De Felice was a controversial and charismatic leader and a gifted speaker. Some considered him to be a populist demagogue.[2]


  • Popolazione e Socialismo. Palermo, Biondo, 1896.
  • Evoluzione storica della Proprietà e il Socialismo in Sicilia
  • Maffia e delinquenza in Sicilia. Milan, 1900.
  • La questione sociale in Sicilia. Rome, 1901.


  1. ^ a b c (in Italian) De Felice Giuffrida, Giuseppe, Dizionario Biografico degli Italiani - Volume 33 (1987)
  2. ^ a b c d e f g h i j k (in Italian) Giuseppe De Felice, Personaggi storici, Comune di Catania (Accessed October 31, 2010)
  3. ^ Seton-Watson, Italy from liberalism to fascism, pp. 162-63
  4. ^ Guglielmo, Living the Revolution, p. 38
  5. ^ Seton-Watson, Italy from liberalism to fascism, pp. 166-67
  6. ^ a b Bruno Cartosio, Sicilian Radicals in Two Worlds, in: Debouzy, In the Shadow of the Statue of Liberty, pp. 120-21
  7. ^ Martial Law Proclaimed In Sicily; Stern Measures Resorted To to Quiet the Anti-Tax Troubles, The New York Times, January 5, 1894
  8. ^ Trouble Has Been Long Brewing; Quantities of Arms and Ammunition in Hands of Revolutionists, The New York Times, January 6, 1894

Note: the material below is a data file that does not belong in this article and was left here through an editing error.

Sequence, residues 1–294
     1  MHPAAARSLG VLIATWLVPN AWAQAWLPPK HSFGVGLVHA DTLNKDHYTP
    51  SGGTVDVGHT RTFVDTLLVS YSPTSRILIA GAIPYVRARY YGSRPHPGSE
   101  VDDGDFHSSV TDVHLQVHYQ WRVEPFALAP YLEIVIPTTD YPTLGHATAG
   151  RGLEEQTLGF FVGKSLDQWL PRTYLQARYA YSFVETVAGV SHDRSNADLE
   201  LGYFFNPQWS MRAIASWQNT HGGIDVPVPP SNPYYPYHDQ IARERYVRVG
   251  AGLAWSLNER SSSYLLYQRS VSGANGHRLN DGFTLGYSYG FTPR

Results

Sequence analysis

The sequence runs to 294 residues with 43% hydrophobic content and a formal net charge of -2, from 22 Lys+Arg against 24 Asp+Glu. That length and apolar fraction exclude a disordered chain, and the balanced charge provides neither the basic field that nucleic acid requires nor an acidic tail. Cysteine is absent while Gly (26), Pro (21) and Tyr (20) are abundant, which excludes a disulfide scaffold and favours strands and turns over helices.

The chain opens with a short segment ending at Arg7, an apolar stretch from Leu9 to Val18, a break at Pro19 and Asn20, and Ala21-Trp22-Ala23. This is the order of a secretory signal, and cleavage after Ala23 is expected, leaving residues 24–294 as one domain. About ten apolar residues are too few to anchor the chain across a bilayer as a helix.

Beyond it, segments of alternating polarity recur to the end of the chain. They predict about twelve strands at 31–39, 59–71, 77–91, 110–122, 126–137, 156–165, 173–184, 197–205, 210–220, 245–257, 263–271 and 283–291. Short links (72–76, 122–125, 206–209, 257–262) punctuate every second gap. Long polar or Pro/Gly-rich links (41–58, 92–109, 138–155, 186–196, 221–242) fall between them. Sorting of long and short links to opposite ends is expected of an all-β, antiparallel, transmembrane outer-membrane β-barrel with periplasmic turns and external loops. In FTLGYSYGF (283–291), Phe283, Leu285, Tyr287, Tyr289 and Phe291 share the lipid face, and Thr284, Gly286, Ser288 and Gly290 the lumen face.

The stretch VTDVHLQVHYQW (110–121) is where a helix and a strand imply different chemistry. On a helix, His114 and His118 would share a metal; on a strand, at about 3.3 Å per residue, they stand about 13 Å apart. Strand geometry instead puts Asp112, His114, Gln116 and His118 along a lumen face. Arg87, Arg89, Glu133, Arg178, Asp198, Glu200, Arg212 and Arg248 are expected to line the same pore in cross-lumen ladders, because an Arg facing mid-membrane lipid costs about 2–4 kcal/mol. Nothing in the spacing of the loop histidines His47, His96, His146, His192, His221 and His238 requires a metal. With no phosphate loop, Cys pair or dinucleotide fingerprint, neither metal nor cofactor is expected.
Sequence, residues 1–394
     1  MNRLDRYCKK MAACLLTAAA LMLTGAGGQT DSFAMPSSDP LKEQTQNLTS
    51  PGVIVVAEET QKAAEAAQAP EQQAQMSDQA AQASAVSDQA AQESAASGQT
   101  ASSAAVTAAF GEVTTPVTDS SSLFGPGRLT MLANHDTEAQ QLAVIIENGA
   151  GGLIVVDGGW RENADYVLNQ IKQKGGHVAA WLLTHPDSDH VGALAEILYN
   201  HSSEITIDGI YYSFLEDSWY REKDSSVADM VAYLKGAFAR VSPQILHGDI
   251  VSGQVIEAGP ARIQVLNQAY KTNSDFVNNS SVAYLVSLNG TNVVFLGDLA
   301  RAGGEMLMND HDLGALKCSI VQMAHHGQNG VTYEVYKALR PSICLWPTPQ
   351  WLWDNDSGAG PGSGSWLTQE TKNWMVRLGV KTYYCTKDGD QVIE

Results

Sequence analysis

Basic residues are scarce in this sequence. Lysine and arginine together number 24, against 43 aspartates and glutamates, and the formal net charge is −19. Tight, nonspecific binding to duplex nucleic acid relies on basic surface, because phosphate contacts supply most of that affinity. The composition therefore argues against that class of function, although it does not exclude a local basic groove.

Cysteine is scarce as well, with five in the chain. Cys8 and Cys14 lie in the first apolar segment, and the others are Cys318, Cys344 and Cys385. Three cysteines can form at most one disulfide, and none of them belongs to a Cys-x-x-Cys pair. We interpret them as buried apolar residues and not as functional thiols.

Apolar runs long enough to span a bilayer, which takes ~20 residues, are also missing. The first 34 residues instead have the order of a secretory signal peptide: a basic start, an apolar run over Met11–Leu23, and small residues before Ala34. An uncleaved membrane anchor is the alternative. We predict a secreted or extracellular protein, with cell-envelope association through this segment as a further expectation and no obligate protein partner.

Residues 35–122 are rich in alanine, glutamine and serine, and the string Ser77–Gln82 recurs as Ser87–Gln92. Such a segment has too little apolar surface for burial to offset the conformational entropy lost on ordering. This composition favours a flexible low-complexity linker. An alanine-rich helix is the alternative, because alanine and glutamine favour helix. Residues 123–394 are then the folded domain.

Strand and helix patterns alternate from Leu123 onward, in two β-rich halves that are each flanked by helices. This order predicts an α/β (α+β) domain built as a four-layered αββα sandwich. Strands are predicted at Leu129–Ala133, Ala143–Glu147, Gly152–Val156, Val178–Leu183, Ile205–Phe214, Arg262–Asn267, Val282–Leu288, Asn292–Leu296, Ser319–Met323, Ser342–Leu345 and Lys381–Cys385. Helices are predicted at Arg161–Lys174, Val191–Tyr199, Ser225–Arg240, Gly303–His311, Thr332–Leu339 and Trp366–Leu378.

9. ^ Sicilian Rioters Sentenced, The New York Times, May 31, 1894
  10. ^ (in Italian) La firma dei «Patti di Corleone», La Sicilia, September 14, 2008
  11. ^ Pardon for Italian Socialists, The New York Times, March 14, 1896
  12. ^ Freed Italians Unrepentant; Many Socialists Greet Giuseppe de Felice, Bosco, and Barbato, The New York Times, March 18, 1896
  13. ^ Italian Socialists Elected, The New York Times, September 2, 1895
  14. ^ a b De Felice Returns In Triumph; Citizens of Catania Welcome the Socialist Back from Prison, The New York Times, March 30, 1896
  15. ^ (in Italian) Alarico Silvestri, da Amelia, combattè nel corpo di volontari comandato da Ricciotti Garibaldi, Corriere dell’Umbria, November 15, 2010
  16. ^ (in Italian) Quando Prampolini e De Felice rovesciarono le urne in Parlamento, Avanti!, February 4, 2014
  17. ^ a b (in Italian) Il viceré socialista amato dal popolo, Il Vallone
  18. ^ Thayer, Italy and the Great War, p. 254
  • Debouzy, Marianne (1992). In the Shadow of the Statue of Liberty: Immigrants, Workers, and Citizens in the American Republic, 1880-1920, Champaign (IL): University of Illinois Press, ISBN 0-252-06252-3
  • Guglielmo, Jennifer (2010). Living the Revolution: Italian Women's Resistance and Radicalism in New York City, 1880-1945, University of North Carolina Press, ISBN 978-0-8078-3356-8
  • Seton-Watson, Christopher (1967). Italy from liberalism to fascism, 1870-1925, New York: Taylor & Francis, 1967 ISBN 0-416-18940-7
  • Thayer, John A. (1964). Italy and the Great War. Madison and Milwaukee: University of Wisconsin Press.